June 10, 2023

5 things you should know before the stock market opens on Thursday

Traders work on the floor of the New York Stock Exchange (NYSE) in New York City, U.S., on November 9, 2022.

Brendan McDermid | Reuters

Here are the key news investors need to start their trading day:

1. A lot to handle

Markets sold off on Wednesday as investors looked for something stable to hold on to during this uncertain time. The midterm elections may not have produced a GOP “red wave,” but control of Congress remains up in the air. Businesses are still reeling from earnings reports — major retailers are on the rise next week — and there are some major economic data points to read as the Federal Reserve continues its fight against inflation. The CPI, a key measure of price increases, hits at 8:30 a.m. ET and is expected to remain hot, not as much as in recent months. “As everyone knows, markets really don’t like uncertainty,” said Chris Zaccarelli, chief investment officer at the Independent Advisor Alliance, according to CNBC’s market live blog.

2. Bye-nance

Sam Bankman-Fried

Tom Williams | CQ-Roll Call, Inc. | Getty Images

Sam Bankman-Fried’s crypto empire needed a savior. For a day, it looked like Changpeng Zhao, the CEO of Binance, the world’s largest crypto company, would be his white knight. Binance said it would support FTX under Bankman-Fried liquidity. But then… never mind, said Binance. “Initially, our hope was to be able to support FTX customers to provide liquidity,” Binance said on Wednesday. “But the problems are beyond our control or ability to help.” Now FTX, which was valued at $32 billion earlier this year, is on the brink of extinction — a brink of mercy for Bankman-Fried and his company, which itself had become known as a savior of failing crypto companies.

3. Bloodletting in banks

A pedestrian wearing a protective mask walks past the Citibank branch in New York on Friday, April 10, 2020.


According to CNBC’s Hugh Son, job cuts at major banks are accelerating as dealmaking is still frozen in a market situation restrained by uncertainty and rising interest rates. Citigroup and Barclays implemented dozens of layoffs this week, following hundreds of cuts at Goldman Sachs in September and continued layoffs at struggling Credit Suisse. JPMorgan Chase expects potential job cuts at the end of the year as it looks to cut costs, and Morgan Stanley also investigates possible layoffs. “Most banks are budgeting for revenue declines next year,” a person involved in providing data and analytics to the banking industry told CNBC.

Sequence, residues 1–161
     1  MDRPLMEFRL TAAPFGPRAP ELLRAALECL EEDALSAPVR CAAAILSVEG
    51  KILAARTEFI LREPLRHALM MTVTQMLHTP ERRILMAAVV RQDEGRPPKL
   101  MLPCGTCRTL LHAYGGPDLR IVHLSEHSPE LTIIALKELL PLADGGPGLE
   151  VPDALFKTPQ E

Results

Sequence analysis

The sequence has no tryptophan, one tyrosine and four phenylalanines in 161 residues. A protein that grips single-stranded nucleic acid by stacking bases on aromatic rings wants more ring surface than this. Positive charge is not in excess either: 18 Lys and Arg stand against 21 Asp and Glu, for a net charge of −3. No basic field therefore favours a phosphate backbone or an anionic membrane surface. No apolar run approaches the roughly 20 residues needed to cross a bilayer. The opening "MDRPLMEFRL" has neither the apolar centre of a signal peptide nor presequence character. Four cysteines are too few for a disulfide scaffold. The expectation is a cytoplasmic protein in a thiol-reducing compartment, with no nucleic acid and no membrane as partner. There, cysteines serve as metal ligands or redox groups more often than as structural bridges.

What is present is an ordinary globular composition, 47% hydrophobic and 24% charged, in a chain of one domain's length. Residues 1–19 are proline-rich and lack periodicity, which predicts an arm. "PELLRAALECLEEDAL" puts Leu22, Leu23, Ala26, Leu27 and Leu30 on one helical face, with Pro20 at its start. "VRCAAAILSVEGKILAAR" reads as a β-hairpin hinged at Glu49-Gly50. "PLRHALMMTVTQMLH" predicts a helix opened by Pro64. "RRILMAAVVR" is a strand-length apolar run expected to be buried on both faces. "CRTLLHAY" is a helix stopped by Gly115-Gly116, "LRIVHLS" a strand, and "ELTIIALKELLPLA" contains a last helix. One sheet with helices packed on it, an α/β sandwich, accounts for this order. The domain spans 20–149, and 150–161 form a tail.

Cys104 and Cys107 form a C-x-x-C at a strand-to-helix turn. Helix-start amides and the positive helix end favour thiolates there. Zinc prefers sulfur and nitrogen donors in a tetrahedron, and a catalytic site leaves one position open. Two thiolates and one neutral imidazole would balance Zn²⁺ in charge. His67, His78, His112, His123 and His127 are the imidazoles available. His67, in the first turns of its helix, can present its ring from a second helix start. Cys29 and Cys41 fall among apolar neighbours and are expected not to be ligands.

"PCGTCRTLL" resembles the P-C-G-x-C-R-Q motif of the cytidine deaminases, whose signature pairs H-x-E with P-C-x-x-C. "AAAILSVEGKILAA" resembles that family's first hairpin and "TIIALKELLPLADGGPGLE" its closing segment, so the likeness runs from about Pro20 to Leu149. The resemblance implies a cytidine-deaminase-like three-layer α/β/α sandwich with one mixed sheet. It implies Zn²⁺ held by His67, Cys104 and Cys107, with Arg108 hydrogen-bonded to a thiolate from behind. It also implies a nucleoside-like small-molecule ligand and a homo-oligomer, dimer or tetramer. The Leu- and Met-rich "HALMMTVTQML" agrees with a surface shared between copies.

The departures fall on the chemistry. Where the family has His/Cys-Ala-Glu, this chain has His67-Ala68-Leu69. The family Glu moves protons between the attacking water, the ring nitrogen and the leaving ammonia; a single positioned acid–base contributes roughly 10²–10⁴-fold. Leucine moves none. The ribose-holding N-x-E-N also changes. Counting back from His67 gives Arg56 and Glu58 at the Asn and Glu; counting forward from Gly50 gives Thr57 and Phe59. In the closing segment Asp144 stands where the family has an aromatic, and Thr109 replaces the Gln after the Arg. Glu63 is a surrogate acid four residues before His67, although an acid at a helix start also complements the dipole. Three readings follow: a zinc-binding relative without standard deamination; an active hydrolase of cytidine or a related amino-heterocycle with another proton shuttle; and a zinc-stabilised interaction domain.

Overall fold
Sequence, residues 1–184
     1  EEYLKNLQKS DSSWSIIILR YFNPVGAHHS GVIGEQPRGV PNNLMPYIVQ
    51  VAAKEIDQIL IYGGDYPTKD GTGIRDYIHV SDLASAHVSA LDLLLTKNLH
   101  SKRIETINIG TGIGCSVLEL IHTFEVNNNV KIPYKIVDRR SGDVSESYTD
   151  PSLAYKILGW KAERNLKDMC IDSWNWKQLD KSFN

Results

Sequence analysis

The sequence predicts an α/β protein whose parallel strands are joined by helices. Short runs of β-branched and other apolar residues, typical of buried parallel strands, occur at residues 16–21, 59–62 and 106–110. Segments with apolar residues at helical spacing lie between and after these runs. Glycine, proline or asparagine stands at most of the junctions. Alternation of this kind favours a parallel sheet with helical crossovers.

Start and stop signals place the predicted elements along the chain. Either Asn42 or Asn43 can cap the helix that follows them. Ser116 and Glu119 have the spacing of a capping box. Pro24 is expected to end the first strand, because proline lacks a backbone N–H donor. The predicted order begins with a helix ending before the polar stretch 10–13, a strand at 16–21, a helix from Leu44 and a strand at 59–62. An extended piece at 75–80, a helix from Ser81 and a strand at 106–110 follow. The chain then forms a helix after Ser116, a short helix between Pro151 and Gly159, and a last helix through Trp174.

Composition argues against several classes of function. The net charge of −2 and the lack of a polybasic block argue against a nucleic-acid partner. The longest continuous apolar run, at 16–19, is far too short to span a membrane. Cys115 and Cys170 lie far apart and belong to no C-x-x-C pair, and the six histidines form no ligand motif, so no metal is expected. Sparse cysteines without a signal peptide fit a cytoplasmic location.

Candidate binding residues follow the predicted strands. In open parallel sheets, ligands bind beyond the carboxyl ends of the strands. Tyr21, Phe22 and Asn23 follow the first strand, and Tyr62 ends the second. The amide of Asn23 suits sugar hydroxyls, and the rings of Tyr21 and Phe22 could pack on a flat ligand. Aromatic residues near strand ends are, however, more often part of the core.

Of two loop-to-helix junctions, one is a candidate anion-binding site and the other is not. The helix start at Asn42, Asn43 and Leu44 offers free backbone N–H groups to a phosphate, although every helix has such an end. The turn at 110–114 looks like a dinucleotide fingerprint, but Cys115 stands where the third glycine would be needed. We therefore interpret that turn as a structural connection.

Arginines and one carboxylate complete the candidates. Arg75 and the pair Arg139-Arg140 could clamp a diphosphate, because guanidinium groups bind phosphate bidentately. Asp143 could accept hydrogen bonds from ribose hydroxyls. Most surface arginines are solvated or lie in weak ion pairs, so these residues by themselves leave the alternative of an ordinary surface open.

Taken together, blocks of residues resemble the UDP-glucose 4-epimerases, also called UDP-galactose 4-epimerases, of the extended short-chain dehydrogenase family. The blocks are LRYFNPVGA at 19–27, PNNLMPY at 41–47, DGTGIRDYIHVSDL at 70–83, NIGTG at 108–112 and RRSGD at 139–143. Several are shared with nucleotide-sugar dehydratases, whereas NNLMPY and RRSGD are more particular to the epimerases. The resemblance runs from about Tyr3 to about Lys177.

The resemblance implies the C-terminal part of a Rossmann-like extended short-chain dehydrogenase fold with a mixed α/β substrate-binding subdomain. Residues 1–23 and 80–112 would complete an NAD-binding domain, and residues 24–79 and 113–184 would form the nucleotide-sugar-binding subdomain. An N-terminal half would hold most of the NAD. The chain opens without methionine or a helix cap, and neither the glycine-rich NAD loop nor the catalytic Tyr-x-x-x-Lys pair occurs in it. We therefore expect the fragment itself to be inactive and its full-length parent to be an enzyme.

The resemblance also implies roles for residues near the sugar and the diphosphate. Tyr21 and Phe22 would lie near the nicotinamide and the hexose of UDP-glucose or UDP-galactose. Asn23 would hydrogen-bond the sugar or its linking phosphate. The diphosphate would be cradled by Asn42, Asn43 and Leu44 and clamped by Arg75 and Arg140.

4. A huge loss for Russia

Damaged parts of the city of Velyka Oleksandrivka in the Kherson region on October 24, 2022.

Anadolu Agency | Anadolu Agency | Getty Images

Russian troops are withdrawing from Kherson in southern Ukraine. It is the latest embarrassing defeat for Vladimir Putin and his attacks on Russia’s former Soviet neighbor. Kherson was one of the regions that Russia belonged to in the illegal union of the Ukrainian territory. Ukrainian President Volodomyr Zelenskyy, aware of the region’s importance to Russia, reacted cautiously to news of the withdrawal, wondering if Putin’s forces were being trapped. He also said, without providing further details, that his forces were planning more operations to force Russian forces off Ukrainian soil. Read live war updates here.

5. The cry of batch MSFT

“La Montagne Sainte-Victoire” by Paul Cezanne will be auctioned from the Paul Allen Collection at Christie’s, New York on November 9, 2022.

Robert Frank | CNBC

$1.5 billion? In this economy? Why not. A large part of Microsoft founder Paul Allen’s art collection, which includes works spanning 500 years, sold at auction Wednesday night for nearly $1.51 billion. That easily surpasses the $922 million paid for the collection of Harry and Linda Macklowe, the previous record holder. Allen’s collection includes works by legendary artists Vincent van Gogh, Edward Steichen and Gustav Klimt. Georges Seurat’s “Les Poseuses, Ensemble” sold for $149.2 million, the top score of the night. In all, the five works cost more than $100 million. More items from Allen’s collection are scheduled to go on sale Thursday. Proceeds go to charity.

– CNBC’s Alex Harring, MacKenzie Sigalos, Kate Rooney, Hugh Son, Holly Ellyatt and Robert Frank contributed to this report.

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